One of the most ambitious projects completed was the construction of the HC 250 primary crusher weighing 27.5t, the biggest ever. “It was a huge challenge from every point of view. It started with an informal request in November 2017 and ended with the delivery in August 2018, passing through meetings with engineers, preliminary projects, estimates and order confirmation. All this having to strictly comply with four specific customer requests which were that the attachment’s weight should be suitable for a customised 300t excavator, the attachment should have a high penetration jaw profile without blades, it should have a jaw opening of 3m opening and force at the tip of 400t,” explains Christian.

After 120h hours of projecting time, 120h mechanical machining, 50h of assembling and 250h of welding, the result turned out to be ‘amazing’. “It was a monster jaw of 5,000mm in length with a jaw opening of 3,100mm and a tip force of 425t. I have never before seen something like it,” says Christian.

 

Strong continuous growth with exports dominating 

Trevi Benne’s responsiveness and ability to listen to client needs has helped a lot over the years. A clear sign of that is the strong growth rate experienced over the years. A good example is that between 2014 and 2019 the company doubled turnover from €15M to over €30M. Due in the main to the pandemic and forced closure of the factory for six weeks, turnover declined slightly in 2020, down to approximately €29M. Despite that, Trevi Benne managed to reach a prestigious record in 2020, delivering its 10,000th concrete pulveriser.

As mentioned, the export share for Trevi Benne is today 80%, with the remaining 20% being sold domestically. In Italy the products are sold directly to machine dealers, authorised workshops and to large demolition contractors. The currently biggest markets in chronologic order are France, Italy, USA, Germany, United Kingdom, Switzerland, Scandinavia and the Northern European region, Australia and so on. Around 100 exclusive dealers target demolition and recycling customers, scrap yard companies, rental companies, building and construction contractors and customers in the mining and quarry businesses. The goal now is to consolidate and strengthen the Trevi Benne brand, particularly in some European markets that in the last two years have produced mixed results. “It is equally clear that with the current coronavirus situation it is complicated to make strategies, budgets and medium and long term plans. The absence of trade fairs and the inability to move freely to work and visit customers and distributors complicates the normal business relationship and the interaction that is always created by a real and not virtual visit,” says Christian.

 

‘Can’t wait to get back to normal’

Finally, it is worth mentioning how the coronavirus has affected Trevi Benne and Italy as a whole. Despite the general opinion that the market in 2019 were going into recession, Trevi Benne had a very good 2019, and the first two months in 2020 were showing an increase in sales of 10%. The expectations for 2020 seemed very good. But then Italy was the first country after China to be hit hard by the pandemic. “We have added new terms in our vocabulary that have now become common place like lockdown, assembly, night curfew, safety distance, etc. You are never ready to give up your habits, to wear protections, to face such an enemy especially because you cannot look at him in the face, discover his weaknesses and beat him completely. The first wave was very tough: clubs, public buildings, schools, companies, cinemas, restaurants all closed. Difficult to digest and even more difficult to count the victims daily,” says Christian.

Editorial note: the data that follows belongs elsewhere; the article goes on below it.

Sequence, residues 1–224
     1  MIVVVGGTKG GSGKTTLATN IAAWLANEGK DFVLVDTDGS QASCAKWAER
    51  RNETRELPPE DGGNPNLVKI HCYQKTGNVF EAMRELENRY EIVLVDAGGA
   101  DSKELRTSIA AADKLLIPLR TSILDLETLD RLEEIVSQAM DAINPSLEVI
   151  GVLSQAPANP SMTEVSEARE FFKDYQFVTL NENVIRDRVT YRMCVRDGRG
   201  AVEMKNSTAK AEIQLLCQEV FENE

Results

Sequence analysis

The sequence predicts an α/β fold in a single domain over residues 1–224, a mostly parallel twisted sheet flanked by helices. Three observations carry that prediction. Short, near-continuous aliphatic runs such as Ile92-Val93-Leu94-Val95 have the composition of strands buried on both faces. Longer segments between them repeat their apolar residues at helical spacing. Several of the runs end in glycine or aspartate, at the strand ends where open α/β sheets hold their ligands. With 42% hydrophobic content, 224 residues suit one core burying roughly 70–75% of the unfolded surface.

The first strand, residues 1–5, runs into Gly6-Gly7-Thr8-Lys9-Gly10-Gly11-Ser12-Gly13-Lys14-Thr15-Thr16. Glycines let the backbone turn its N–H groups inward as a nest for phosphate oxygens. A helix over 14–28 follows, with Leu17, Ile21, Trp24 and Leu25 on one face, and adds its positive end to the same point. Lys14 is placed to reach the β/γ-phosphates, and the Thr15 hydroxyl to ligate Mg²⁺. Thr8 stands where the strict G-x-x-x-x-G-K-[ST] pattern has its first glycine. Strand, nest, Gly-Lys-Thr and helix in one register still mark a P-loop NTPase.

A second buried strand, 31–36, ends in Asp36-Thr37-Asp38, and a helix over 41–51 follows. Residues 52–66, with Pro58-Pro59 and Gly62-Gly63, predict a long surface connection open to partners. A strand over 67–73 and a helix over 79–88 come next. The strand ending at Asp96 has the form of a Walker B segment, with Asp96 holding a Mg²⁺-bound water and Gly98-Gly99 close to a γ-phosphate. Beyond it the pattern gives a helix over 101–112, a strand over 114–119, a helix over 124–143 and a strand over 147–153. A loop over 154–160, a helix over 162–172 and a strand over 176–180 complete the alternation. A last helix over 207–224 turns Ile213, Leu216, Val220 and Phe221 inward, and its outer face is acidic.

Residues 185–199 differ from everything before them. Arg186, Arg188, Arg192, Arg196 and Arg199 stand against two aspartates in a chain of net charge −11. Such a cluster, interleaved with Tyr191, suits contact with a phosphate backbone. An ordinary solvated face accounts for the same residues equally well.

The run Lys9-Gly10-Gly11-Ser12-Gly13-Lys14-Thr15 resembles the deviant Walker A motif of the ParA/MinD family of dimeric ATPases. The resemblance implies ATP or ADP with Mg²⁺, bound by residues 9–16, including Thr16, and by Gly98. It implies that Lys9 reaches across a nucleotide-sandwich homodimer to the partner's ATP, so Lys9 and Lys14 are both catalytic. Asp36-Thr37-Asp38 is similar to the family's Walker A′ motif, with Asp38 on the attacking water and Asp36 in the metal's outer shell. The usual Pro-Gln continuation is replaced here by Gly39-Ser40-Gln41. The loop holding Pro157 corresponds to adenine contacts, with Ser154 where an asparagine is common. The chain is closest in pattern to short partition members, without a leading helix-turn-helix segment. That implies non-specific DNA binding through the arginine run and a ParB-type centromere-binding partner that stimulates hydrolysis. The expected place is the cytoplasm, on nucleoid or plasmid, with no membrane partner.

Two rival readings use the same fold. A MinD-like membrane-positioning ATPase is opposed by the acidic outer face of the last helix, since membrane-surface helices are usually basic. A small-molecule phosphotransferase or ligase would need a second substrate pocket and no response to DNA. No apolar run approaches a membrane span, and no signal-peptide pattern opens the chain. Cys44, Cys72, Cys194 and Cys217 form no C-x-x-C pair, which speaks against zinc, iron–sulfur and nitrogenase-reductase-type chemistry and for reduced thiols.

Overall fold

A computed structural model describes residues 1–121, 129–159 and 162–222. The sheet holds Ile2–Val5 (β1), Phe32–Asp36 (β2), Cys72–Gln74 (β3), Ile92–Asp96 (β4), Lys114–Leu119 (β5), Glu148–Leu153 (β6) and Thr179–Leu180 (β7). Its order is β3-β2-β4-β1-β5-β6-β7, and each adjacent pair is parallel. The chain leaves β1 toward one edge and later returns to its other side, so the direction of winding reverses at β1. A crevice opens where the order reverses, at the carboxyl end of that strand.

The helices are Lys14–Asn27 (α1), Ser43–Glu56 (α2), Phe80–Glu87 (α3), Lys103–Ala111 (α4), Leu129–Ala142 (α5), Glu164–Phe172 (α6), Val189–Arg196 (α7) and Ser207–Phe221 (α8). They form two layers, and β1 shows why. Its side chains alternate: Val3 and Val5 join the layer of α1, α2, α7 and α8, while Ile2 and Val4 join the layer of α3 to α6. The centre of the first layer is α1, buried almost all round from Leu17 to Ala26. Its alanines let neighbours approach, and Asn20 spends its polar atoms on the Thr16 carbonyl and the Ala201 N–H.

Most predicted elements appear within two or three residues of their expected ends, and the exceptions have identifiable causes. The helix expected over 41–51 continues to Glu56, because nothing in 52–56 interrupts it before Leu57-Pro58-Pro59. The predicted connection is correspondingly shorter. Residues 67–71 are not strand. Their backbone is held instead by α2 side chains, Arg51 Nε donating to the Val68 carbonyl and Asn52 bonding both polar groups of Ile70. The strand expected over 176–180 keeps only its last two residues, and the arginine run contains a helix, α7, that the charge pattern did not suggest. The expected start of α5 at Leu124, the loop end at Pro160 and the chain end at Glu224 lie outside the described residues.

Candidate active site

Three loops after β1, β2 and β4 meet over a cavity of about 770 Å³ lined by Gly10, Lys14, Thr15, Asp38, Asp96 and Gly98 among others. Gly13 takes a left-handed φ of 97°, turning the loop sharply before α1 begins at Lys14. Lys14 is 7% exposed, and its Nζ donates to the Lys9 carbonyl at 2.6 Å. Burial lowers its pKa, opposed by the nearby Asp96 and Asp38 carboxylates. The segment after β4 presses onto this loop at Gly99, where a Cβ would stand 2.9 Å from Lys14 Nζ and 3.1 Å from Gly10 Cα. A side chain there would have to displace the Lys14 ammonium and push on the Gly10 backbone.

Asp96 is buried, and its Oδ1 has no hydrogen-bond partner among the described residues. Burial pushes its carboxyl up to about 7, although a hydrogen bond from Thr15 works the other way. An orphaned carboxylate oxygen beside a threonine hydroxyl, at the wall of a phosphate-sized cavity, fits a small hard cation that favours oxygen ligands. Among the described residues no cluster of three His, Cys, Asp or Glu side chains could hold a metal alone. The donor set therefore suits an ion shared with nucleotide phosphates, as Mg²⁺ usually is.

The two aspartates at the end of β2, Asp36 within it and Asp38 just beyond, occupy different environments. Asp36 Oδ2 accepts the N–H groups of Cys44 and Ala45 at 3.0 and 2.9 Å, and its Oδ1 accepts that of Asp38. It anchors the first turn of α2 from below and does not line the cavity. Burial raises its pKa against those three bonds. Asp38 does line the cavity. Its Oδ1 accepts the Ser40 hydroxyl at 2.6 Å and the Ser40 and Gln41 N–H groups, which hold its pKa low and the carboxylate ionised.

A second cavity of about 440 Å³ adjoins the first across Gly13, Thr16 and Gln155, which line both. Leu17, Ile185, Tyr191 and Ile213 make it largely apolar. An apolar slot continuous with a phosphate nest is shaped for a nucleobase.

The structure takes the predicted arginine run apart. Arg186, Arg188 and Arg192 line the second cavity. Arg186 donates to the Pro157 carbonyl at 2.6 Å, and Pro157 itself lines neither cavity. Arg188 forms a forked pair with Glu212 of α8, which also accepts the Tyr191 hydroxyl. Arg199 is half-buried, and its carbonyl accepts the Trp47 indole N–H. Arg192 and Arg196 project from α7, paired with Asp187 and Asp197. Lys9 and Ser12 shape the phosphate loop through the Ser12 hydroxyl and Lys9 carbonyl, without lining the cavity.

After a year where the professional sales work mainly has consisted of numerous webinars, video talks, video conferences, etc., Christian and his colleagues are waiting to take up travelling and meet customers in real life again. Christian is also waiting for when the exhibitions will open up their doors again. He has wonderful memories of the last exhibition he attended, Conexpo in Las Vegas, March 2020. After that everything was locked down.

Christian is very optimistic about the market when the pandemic has been conquered. “I always think that after a period of difficulty, deprivation or suffering, there is the desire and an immeasurable will to get to work and to restart again. I believe the market will react positively, companies will return to investing, major demolition and redevelopment works will finally be started or restarted. I am very optimistic about the future for us as company and the industry as whole.”

The question does arise about competition from other manufacturers, and has that changed during the pandemic? Christian believes things are the same: “Competition itself is not a bad thing. It is almost part of the market equation. The competition often pushes you to want to improve your product, to look for alternative solutions, different approaches to make yourself more visible and attractive to the buyer. We produce niche products and the competition is often very fierce and aggressive. In Italy there are really many manufacturers of crushers, hydraulic hammers, buckets and equipment for excavators. Many of them have important corporate structures, well-structured sales networks and high management costs; and then there are many companies almost at an artisanal level. Fortunately, price is not always the main discriminant when doing business. 

In our profession, anyone who buys demolition equipment knows exactly what he wants. If you work in a dealership and sell cars, your customer is unlikely to be an expert in engines, chassis, mechanics and performance. But in our world, the user is truly an expert and often knows more than us how the attachment should work. When our customers buy, they do so not only by looking at the price but by evaluating the technical characteristics, technology and obviously the brand. As for foreign competitors, I can say that obviously there are (some) and (they) are well represented on the Italian market. But the local user has a lot of faith in made in Italy products and obviously assistance, speed in finding spare parts, with service being a fundamental value in choosing the right equipment,” concludes Christian Tadiotto, marketing manager, Trevi Benne.

www.trevibenne.it